Marcus Garvey was a Jamaican who was an articulate spokesperson for black pride. Garvey encouraged black people to unite and establish their own nation in Africa. In 1916, Garvey left Jamaica to carry his message to America. Upon leaving, he is reported by some people to have said, “Look to Africa for the crowning of a black king, he shall be the redeemer.”

In 1930, a man named Ras Tafari was crowned king of Ethiopia. He took the name Haile Selassie, which means “Might of the Trinity.” The news of a black African king traveled to Jamaica, where Leonard Howell and other Jamaican ministers began to preach that Garvey’s prophesy had come true.

Marcus Garvey

Marcus Garvey

Marcus Garvey (1887 – 1940) was a Jamacian black nationalist. Garvey is considered by Rastafarians as a prophet, but Garvey was never a part of the religious movement.

Neither Garvey nor Selassie were involved in what became known as the Rastafarian movement. Garvey was nearing the end of his life and living in London, England when Rastafarianism developed in Jamaica in the late 1930s.  Haile Selassie visited Jamaica in 1966 and witnessed four days of exuberant worship.  The Ethiopian king later said, “I have…met certain Rastafarians. I told them clearly that I am a man, that I am mortal, and that … they should never make a mistake in assuming or pretending that a human being is emanated from a deity.”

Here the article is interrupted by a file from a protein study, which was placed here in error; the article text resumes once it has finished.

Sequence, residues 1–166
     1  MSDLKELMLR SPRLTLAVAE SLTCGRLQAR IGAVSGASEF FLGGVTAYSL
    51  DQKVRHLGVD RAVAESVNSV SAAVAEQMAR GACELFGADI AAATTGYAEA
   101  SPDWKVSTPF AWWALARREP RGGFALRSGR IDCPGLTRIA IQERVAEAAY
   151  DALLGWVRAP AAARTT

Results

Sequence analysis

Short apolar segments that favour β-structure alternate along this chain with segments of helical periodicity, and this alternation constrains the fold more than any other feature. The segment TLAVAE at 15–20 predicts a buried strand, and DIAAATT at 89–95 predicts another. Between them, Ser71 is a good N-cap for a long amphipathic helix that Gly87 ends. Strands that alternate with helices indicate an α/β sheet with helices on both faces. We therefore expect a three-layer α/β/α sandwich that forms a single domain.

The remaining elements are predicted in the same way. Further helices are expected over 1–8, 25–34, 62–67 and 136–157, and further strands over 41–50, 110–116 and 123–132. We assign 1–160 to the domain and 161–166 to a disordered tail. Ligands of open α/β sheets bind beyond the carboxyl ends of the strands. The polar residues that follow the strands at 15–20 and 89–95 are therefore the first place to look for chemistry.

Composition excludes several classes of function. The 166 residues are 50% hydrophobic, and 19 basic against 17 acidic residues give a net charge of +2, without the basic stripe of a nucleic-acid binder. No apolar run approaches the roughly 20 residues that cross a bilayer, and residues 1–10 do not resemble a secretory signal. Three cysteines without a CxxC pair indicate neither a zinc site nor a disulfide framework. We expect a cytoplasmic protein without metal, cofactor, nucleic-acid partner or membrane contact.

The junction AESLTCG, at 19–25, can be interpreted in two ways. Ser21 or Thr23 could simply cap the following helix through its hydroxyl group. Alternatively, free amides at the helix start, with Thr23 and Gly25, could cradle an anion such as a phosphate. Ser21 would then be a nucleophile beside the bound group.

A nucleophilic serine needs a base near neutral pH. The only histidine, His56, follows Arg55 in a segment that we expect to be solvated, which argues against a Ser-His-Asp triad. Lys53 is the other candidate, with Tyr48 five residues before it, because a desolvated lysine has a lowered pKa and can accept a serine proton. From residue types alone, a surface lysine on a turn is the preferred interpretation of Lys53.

Rastafarians see themselves as the true Israelites exiled to Jamaica because they offended God.  They believe white Christian preachers and missionaries perverted the Scriptures to conceal that Adam and Jesus were black. The Rastafarians believe they were exiled from Ethiopia to Jamaica because they offended their god and consider Ethiopia to be heaven on earth. Their rituals sometimes include the use of marijuana. Rastafarians do not believe in cutting anything on the body. This includes their hair, which they wear dreadlocks. Reggae singer Bob Marley became the most famous Rastafarian. He died at thirty-six because he would not allow his cancerous toe to be amputated.

Haile Selassie


Haile Selassie I (1930 – 1974) was the ruler of Ethiopia from 1930 to 1974. Rastafarians believe Haile Selassie to have been a living God, but the Ethiopian ruler was not a member of the Rastafarian movement. Haile Selassie was an Ethiopian Orthodox Christian throughout his life.

The Rastafarian movement began in the slums of Jamaica, but it spread to the middle class. There is no exact count, but it is estimated that there are as many as one million Rastafarians.  Most live in Jamaica, but there are Rastafarians throughout the Caribbean.


Download this lesson as Microsoft Word file or as an Adobe Acrobat file.

Bob Marley - Rastafarian


Singer Bob Marley (1945 - 1981) was the most prominent member of the Rastafarian movement.